In vitro transcription assay. An in vitro transcription assay of gumB promoter was performed using an experimental procedure modified from Friedman and O’Brian47. The promoter DNA fragment of gumB was generated by PCR amplification using the total DNA of the wild-type strain 8004 as the template and the primers gumivtF and gumivtR (Supplementary Table 1). The fragment includes the promoter region as well as the 209-bp coding region downstream of the annotated translation start site of the gumB gene in strain 8004. To remove imidazole, His6-HpaR1 was dialyzed against 200-time-volumes of Tris-HCl buffer (10 mM Tris-HC [pH 8.0] and 1 mM dithiothreitol [DTT]) at 4 °C. For the in vitro transcription, His6-HpaR1 was incubated for 30 min at room temperature in transcription buffer (40 mM Tris-HCl [pH 7.9], 6 mM MgCl2, 2 mM spermidine, 10 mM NaCl, 5 mM DTT, 5% glycerol, 50 mM KCl and 1 U of RNase inhibitor) containing 2 nM or 1.15 nM template DNA. Then, an NTP mixture (250 μ M each of ATP, CTP and GTP; 20 μ M UTP and 8 μ M [α -32P]UTP [3,000 Ci/mmol, 10 mCi/ml] or 250 μ M Biotin-16-UTP ) and 0.05 U of E. coli RNA polymerase holoenzyme (sigma-saturated) was added to start the transcription. After incubation at 28 °C for 30 min, the reactions were terminated by the addition of one volume of 2× Loading Dye Solution (Fermentas Co.) and chilled on ice. After incubation at 70 °C for 10 min, the transcription products were run on a 5% polyacrylamide gel containing 7 M urea in 1× TBE electrophoresis buffer. The transcripts obtained were analyzed by a phosphorimager screen (Typhoon 9410; Amersham Biosciences, Piscataway, NJ, USA). GUS activity assay. GUS (β-Glucuronidase) activity was determined by measurement of the A415, using ρ-nitrophenyl-β-D-glucuronide as the substrate, as described by Henderson et al.48 after growth of the Xcc strains in medium.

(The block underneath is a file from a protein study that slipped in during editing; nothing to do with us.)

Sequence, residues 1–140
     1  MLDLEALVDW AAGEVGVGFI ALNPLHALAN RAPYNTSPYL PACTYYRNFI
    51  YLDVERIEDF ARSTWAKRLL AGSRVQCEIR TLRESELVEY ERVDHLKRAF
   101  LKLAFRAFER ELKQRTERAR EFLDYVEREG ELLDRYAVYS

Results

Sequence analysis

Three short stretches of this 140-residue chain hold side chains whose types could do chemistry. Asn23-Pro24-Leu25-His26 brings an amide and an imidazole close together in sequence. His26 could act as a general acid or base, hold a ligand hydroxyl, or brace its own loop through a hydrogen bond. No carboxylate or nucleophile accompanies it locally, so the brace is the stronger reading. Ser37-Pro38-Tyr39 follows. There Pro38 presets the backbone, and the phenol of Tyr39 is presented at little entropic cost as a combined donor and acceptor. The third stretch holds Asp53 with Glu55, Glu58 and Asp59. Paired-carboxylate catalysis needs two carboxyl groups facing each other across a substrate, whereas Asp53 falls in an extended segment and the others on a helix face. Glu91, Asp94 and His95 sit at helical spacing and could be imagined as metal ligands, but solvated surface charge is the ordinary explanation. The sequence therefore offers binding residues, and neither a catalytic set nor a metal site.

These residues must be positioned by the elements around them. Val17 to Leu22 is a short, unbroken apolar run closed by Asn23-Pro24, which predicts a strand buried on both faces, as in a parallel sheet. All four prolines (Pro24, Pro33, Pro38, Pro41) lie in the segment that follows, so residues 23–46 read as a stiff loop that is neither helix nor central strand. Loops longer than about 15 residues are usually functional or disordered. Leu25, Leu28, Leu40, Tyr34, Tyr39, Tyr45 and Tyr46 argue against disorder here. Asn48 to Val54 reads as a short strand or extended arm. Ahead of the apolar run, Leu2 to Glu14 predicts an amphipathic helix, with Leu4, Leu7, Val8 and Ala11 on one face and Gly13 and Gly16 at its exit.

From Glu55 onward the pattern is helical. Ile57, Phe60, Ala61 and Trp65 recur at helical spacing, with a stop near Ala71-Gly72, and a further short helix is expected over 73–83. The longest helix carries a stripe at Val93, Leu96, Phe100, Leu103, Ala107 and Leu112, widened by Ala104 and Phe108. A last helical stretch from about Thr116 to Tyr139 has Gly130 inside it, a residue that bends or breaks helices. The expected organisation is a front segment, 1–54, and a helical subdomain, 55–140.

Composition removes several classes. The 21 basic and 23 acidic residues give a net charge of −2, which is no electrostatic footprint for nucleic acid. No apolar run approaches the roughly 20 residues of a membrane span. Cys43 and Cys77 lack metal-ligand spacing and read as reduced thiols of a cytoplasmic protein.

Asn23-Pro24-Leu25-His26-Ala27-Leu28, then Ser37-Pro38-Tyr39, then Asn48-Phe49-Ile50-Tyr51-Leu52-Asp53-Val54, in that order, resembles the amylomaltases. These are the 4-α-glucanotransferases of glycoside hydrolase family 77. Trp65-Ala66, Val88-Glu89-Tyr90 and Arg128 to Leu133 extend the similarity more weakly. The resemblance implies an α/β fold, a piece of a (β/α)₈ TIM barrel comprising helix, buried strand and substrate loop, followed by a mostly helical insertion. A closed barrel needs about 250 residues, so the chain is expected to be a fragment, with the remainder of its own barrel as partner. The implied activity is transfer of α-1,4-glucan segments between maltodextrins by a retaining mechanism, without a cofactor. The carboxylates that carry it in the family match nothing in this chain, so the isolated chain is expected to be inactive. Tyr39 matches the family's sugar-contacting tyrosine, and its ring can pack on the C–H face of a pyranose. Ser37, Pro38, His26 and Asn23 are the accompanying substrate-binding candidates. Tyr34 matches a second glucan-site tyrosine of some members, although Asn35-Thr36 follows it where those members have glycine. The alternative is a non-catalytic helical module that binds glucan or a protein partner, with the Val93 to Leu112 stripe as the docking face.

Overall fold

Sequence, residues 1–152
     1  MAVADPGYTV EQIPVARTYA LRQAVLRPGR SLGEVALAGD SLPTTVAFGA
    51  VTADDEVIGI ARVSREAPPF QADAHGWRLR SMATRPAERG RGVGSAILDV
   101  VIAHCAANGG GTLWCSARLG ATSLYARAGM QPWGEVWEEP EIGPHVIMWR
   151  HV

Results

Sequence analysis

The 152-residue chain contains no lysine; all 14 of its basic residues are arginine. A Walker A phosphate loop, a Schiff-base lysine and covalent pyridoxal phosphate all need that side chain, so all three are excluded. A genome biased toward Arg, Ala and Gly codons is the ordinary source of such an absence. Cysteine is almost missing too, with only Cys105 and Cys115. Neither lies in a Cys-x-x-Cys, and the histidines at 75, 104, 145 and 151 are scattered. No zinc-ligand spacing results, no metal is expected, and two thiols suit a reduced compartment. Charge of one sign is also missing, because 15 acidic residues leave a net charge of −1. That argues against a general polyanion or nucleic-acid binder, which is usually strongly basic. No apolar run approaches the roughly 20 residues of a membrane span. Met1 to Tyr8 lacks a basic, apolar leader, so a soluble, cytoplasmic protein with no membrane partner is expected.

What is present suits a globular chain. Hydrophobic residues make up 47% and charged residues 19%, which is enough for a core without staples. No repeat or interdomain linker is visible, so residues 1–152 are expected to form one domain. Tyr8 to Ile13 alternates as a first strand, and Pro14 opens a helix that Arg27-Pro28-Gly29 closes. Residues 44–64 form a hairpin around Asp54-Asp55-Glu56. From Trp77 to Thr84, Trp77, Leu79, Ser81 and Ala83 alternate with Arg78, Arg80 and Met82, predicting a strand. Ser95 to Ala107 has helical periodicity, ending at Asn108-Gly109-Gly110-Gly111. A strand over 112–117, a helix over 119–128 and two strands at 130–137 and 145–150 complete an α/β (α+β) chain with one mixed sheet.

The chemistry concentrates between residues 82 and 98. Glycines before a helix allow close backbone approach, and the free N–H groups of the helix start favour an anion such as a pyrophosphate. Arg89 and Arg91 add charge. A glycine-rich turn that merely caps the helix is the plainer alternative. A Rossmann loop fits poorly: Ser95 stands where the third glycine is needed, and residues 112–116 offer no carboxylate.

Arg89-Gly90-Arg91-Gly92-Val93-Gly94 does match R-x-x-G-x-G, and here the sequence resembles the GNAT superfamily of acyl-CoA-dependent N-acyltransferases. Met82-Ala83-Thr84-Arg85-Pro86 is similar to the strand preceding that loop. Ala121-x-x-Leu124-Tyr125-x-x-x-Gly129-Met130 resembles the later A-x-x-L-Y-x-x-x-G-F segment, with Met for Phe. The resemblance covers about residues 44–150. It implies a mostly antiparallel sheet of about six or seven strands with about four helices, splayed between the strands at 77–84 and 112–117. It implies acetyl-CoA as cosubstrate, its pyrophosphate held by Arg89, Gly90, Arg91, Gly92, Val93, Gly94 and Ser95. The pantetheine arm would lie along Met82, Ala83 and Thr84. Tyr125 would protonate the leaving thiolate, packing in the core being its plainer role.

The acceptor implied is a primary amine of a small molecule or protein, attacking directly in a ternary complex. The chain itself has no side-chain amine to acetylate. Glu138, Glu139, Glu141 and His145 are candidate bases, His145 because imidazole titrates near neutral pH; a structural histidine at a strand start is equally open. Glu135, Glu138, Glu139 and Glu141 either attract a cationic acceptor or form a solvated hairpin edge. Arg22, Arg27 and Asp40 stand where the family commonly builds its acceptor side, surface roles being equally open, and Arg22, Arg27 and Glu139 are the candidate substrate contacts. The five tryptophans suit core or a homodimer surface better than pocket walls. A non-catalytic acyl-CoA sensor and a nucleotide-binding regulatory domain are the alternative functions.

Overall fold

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This work was supported by the National Natural Science Foundation of China (31171206), the 973 Program of the Ministry of Science and Technology of China (2015CB150600) and the Ba Gui Scholar Program of Guangxi Zhuang Autonomous Region of China (2014A002).